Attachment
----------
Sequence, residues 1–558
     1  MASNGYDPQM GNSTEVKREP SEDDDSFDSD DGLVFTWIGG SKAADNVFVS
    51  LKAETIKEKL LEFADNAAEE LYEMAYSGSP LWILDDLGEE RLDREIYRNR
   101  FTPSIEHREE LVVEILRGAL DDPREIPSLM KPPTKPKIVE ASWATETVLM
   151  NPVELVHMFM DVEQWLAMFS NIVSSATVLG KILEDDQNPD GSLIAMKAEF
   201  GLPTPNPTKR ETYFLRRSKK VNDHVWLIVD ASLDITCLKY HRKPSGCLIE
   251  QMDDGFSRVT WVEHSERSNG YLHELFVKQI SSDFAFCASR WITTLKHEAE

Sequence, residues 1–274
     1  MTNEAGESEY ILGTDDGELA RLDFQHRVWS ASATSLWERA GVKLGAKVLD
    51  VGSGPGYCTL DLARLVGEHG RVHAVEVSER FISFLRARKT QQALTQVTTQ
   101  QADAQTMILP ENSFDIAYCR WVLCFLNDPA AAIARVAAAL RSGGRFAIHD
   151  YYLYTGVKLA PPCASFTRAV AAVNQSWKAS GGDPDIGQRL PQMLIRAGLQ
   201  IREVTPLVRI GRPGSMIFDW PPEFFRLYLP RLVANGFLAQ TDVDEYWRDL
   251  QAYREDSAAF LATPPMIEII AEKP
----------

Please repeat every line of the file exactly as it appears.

Sequence, residues 1–558
     1  MASNGYDPQM GNSTEVKREP SEDDDSFDSD DGLVFTWIGG SKAADNVFVS
    51  LKAETIKEKL LEFADNAAEE LYEMAYSGSP LWILDDLGEE RLDREIYRNR
   101  FTPSIEHREE LVVEILRGAL DDPREIPSLM KPPTKPKIVE ASWATETVLM
   151  NPVELVHMFM DVEQWLAMFS NIVSSATVLG KILEDDQNPD GSLIAMKAEF
   201  GLPTPNPTKR ETYFLRRSKK VNDHVWLIVD ASLDITCLKY HRKPSGCLIE
   251  QMDDGFSRVT WVEHSERSNG YLHELFVKQI SSDFAFCASR WITTLKHEAE

Sequence, residues 1–274
     1  MTNEAGESEY ILGTDDGELA RLDFQHRVWS ASATSLWERA GVKLGAKVLD
    51  VGSGPGYCTL DLARLVGEHG RVHAVEVSER FISFLRARKT QQALTQVTTQ
   101  QADAQTMILP ENSFDIAYCR WVLCFLNDPA AAIARVAAAL RSGGRFAIHD
   151  YYLYTGVKLA PPCASFTRAV AAVNQSWKAS GGDPDIGQRL PQMLIRAGLQ
   201  IREVTPLVRI GRPGSMIFDW PPEFFRLYLP RLVANGFLAQ TDVDEYWRDL
   251  QAYREDSAAF LATPPMIEII AEKP